The skill to dress stones, traditionally performed by itinerant stone dressers, was an important tool in the skill set of the traditional miller. I used the traditional wooden thrift and pick, with up to 15 steel mill bills, for a full dress. These are clearly shown in Figure 4: in the photo, I am holding the mill thrift, a turned wooden handle usually of ash, in which the mill bill or picks are held and wedged. The traditional mill bill is a hard steel, double-ended wedge-shaped chisel, although before I retired I moved to using bills with harder tungsten carbide tips, which meant I could do the entire process with just one mill bill. I took the stones apart every three months to redo the stitching and once a year performed a full dress of the lands and furrows (7).
The ways in which millstones were used evolved steadily for two millennia, with improvements such as the balance rynd being introduced. The balance rynd is a two-armed, flexible support for the runner stone, comprising an iron bar or “bridge” secured across the eye of the stone, that enables the upper millstone to be hung on the spindle more easily than with the older, fixed rynd. Millstone dressing machines were introduced in the nineteenth century. These machines were perhaps essential in very large mills with 16 or more pairs of stones, but are anathema to me. I am saddened by the progressive loss of craft skills in traditional corn milling, which now provides less than 0.05% of the 4 million tonnes of flour produced per year in the United Kingdom (N. Jones and J. Cook, personal communication, from report to the U.K. government, Traditional Cornmillers’ Guild [https://tcmg.org.uk]).
Efficient use of millstones became a significant issue, partly due to the needs of the British Admiralty during the Napoleonic Wars of the early nineteenth century. To meet these needs a more systematic approach was developed to ensure flour quality. These quality standards demanded careful control of grain purchases and drying, as well as milling and grading (14). Improvements were made to both the grinding performance and the output of millstones, as well as to ancillary machinery used for cleaning the grain prior to milling and for dressing the ground meal to produce white flour, the demand for which was rising steadily. Key issues encountered with millstones were the milling rate (clearly profit related) and the heat generated in the meal by friction during milling. The introduction of millstone ventilation solved the latter problem, but at the price of generating copious amounts of dust.
A millstone ventilation system, similar to a French design, was installed by Potto Brown at Houghton Mill, Cambridgeshire, U.K. The mill ran 16 pairs of millstones, and Brown was described as “a slow grinder,” constantly conducting experiments with a view to improving the manufacture of flour. He carefully selected the best millstones, paying top prices, and he preferred to add more millstones rather than move to faster grinding. Brown believed that “the art of milling consisted in making good flour from inferior samples of wheat.” He relied on his experiments to aid in adopting the best machinery and selecting most judicious mixture of wheat (1).
The millstone ventilation system was patented by George Hinton Bovill in 1846, and his various patents were subject to many law suits (14). One patent mandated that the bedstone should rotate under a stationary upper stone as part of a system to collect the large amounts of dust in a “stive chamber.” Bovill’s process was formally tested in official trials by the British Admiralty, which concluded that the process ground the grain twice as fast. The millstones also could grind four times more grain before they needed dressing. There was no stive or dust released into the mill, and the process produced a better quality of flour because the meal was 20 degrees Fahrenheit cooler (14). The latter point was significant because meal from unventilated millstones must be allowed to cool before it can be sent through a bolter or dressing machine to separate the bran and other fractions from the white flour. If the meal is not cooled, the wire or silk mesh used in the separation rapidly becomes blocked by the warm flour.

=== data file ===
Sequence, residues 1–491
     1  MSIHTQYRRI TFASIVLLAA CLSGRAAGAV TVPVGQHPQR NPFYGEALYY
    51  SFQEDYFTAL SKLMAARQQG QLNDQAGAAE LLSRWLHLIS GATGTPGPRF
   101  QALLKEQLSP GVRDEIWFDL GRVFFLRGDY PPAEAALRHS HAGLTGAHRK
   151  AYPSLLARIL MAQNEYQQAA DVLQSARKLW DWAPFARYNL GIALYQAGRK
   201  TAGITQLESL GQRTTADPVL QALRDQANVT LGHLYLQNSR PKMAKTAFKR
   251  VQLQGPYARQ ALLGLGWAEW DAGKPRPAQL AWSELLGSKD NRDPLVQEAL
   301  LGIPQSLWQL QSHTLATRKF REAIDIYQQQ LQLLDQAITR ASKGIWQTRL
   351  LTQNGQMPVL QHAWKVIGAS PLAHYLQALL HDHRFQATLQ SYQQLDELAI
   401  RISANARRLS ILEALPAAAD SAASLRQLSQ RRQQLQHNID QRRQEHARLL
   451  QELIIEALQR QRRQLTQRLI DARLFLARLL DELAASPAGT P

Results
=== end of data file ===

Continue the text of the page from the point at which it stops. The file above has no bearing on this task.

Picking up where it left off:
Wind Power and Use of Gravity
The growth both in population and crop yields led to a corresponding need for increased grain processing output; however, at the same time, there was increasing competition from other industries, particularly the textile industry, for water-powered sites. Consequently, the later eighteenth and early nineteenth centuries saw a notable rise in the number of windmills operating in Britain, clearly mapped out for Kent by Pelham (17).
Traditional millers were well used to manually handling large sacks of grain and flour, but both windmills and water mills adopted wind- or water-powered sack hoists to raise sacks of grain. Various types of hoists were developed after the first written description was published by Diderot in 1765 (5). Although I was used to handling heavy sacks, the sack hoist made the process much easier, to the extent that a fellow miller even suggested we could only manage by using a sack hoist. I am sure all millers would have welcomed the ability to harness the motive power of the mill to raise the grain to the top of the mill, either by sack hoist or elevator.
The flour obtained directly from the millstones (the meal) provided the basis for wholemeal bread, but the increasing demand for white (refined flour) bread required the meal to be “dressed,” separating the ground product into white flour, semolina (i.e., farina in the United States), and bran. In a typical two-story water mill, bags of grain would be raised to the upper floor, and if a grain cleaner was employed, the cleaned wheat had to be raised again to the floor above the millstones so it could be tipped into the hopper to feed the process. Finally, the meal had to be raised a third time to be fed into the dressing machine (Fig. 5).